The season ends on a high-note with Deja Vu All Over Again, as the girls are trapped in a familiar sci-fi time loop by guest villain David Carradine (can the power of three Kill Bill?), even if it does steal a few pages from the Deanna Troi handbook. But there is a fare share of forgettable installments on the way (The Fourth Sister, The Wendigo) and a few that are downright bad (The Wedding from Hell, When Bad Warlocks Go Good). And various plot diversions drag the episodes into some rather soapy areas, including the will-he-find-out? romance between Prue and Detective Andy (Ted King), the witches' inside source at the police station (I can only take so much of the sisters trying to explain to him why they are involved at so many crime scenes before my eyes begin to suffer strain, what with all the rolling) and the flowering of love between Piper and Leo, a character so unpopular, one well-read message board refers to him exclusively as "the Dolt."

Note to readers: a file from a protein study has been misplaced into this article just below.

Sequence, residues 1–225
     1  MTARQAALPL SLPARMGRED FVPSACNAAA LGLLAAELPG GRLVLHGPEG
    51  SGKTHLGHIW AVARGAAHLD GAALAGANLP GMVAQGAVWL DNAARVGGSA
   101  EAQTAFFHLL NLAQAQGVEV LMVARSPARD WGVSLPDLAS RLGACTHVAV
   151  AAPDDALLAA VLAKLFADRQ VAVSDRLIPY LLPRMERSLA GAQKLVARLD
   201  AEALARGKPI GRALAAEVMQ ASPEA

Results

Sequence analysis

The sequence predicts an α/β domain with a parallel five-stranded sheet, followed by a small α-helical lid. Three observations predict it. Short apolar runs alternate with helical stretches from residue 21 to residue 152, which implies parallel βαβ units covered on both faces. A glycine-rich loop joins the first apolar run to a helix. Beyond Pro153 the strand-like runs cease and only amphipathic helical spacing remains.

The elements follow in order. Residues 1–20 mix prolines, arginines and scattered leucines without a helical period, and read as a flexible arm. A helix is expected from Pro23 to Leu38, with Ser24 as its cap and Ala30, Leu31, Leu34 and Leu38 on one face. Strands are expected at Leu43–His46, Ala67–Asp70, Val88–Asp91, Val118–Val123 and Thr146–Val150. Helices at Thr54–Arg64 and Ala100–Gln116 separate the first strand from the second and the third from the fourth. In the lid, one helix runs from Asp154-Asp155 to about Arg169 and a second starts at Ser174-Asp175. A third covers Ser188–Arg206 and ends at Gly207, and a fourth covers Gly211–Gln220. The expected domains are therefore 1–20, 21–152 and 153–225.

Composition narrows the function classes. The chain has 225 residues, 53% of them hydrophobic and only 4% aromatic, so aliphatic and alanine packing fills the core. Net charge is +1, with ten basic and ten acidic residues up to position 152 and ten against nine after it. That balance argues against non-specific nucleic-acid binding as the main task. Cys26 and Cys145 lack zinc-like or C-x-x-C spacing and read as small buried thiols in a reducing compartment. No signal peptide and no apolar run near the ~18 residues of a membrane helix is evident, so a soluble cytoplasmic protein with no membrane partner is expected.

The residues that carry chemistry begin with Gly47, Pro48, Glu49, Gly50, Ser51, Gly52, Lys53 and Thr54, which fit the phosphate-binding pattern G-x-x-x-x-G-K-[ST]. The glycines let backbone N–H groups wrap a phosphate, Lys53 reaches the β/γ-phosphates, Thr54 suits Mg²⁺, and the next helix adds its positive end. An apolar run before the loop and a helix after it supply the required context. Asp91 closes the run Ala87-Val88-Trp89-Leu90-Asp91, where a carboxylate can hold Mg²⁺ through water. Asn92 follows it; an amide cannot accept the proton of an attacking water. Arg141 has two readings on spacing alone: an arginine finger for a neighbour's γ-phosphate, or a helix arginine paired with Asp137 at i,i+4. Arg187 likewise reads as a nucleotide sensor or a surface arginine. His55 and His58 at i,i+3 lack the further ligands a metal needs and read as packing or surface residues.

Production values are a bit lacking early on, with frequently embarrassing special effects and stilted pacing, but, as I said, the leads carry it off fairly well. Doherty is the grounding presence, and her brash character gives the legendarily "difficult" actress some good scenes, though not nearly enough. Holly Marie Combs is adorable as the feisty Piper, the optimist of the group, while breakout star Alyssa Milano made Phoebe into a fan favorite, for some reason I can't imagine (though she's a good enough actress, I find Phoebe to be a pretty grating even early on). Guest stars are typically pretty bad, but that's just part of the charm, I guess.